Uncle Mo

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Uncle Mo
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Anne M. Eberhardt

Veterinarians Release Uncle Mo's Diagnosis

Plan is for the colt to resume training later in the year.

After seven weeks of extensive testing, it has been determined that 2010 champion 2-year-old male Uncle Mo  has a case of cholangiohepatitis, which, according to the Merck Veterinary Manual, is a “severe inflammation of the bile passages and adjacent liver, which sporadically causes hepatic failure in horses and ruminants.”

According to a statement released June 3 by owner Mike Repole, the determination of what led to the early favorite for the Kentucky Derby Presented by Yum! Brands (gr. I) to be withdrawn from the race came following a biopsy of the liver and lymph nodes. After being scratched from the Derby two days before the race, Uncle Mo was sent to WinStar Farm near Versailles, Ky., where he underwent extensive testing by some of the top equine internists in the country.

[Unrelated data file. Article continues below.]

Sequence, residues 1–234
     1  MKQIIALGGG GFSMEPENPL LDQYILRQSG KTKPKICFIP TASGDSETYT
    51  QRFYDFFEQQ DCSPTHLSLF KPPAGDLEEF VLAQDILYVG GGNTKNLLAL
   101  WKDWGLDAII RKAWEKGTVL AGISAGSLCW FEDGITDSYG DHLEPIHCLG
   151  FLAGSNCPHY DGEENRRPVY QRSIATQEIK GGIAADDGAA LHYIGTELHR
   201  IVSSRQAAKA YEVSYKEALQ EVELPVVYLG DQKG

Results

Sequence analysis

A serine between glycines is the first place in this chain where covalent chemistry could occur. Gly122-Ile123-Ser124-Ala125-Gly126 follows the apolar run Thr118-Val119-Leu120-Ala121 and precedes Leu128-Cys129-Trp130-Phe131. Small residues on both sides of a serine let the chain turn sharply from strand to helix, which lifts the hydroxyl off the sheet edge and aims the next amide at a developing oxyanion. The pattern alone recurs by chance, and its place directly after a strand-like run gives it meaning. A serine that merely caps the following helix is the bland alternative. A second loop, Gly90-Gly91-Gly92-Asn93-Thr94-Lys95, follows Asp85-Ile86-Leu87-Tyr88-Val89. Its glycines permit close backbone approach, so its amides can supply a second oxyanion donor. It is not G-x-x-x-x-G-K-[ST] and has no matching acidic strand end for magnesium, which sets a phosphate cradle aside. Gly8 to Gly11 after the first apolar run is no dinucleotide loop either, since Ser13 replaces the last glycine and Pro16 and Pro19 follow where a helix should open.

“Uncle Mo has been diagnosed with cholangiohepatitis,” the veterinary team of internists Dr. Bill Bernard, Dr. Doug Byars, and Dr. Tom Divers said in the statement. “The cause of how he contracted cholangiohepatitis is unknown.

"Since Uncle Mo has been at WinStar he has gained 67 pounds, his blood work is going in the right direction, his energy level is up, and his attitude has improved. We are optimistic about his prognosis and getting back to the track and continuing his racing career.”

“As long as Uncle Mo is 100% healthy, he’ll be sent back to Todd Pletcher’s barn,” Repole said. “My hope is for him to arrive back with Todd before Aug. 1. I want to personally thank Dr. Bernard, Dr. Byars, Dr. Divers, and all of the other participating vets for their treatment of Uncle Mo. I also would like to thank the entire racing community from fans to the media for their sincere concern for Uncle Mo and his health.

"My number one priority has always been and always will be the health of this wonderful horse, and though the doctors and I are optimistic that he will return to racing, Uncle Mo’s progress and health over the next three months will be the determining factor.”